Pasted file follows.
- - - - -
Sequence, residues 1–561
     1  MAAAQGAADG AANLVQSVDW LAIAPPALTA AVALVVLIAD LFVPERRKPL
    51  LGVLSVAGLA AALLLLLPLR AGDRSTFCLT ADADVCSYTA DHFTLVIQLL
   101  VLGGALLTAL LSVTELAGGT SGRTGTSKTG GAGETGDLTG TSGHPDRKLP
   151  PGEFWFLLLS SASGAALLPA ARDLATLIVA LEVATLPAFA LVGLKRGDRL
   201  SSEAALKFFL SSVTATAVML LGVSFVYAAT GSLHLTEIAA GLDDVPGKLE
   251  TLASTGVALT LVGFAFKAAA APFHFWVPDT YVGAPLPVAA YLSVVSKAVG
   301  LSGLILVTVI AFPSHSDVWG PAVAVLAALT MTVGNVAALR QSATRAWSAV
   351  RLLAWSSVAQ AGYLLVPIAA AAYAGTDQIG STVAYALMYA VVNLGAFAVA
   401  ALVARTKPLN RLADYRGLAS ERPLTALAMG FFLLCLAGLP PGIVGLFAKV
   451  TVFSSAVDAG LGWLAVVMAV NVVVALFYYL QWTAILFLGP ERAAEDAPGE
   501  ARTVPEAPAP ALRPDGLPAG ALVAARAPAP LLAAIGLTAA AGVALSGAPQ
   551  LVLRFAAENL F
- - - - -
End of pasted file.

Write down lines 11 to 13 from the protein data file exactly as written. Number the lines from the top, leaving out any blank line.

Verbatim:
   451  TVFSSAVDAG LGWLAVVMAV NVVVALFYYL QWTAILFLGP ERAAEDAPGE
   501  ARTVPEAPAP ALRPDGLPAG ALVAARAPAP LLAAIGLTAA AGVALSGAPQ
   551  LVLRFAAENL F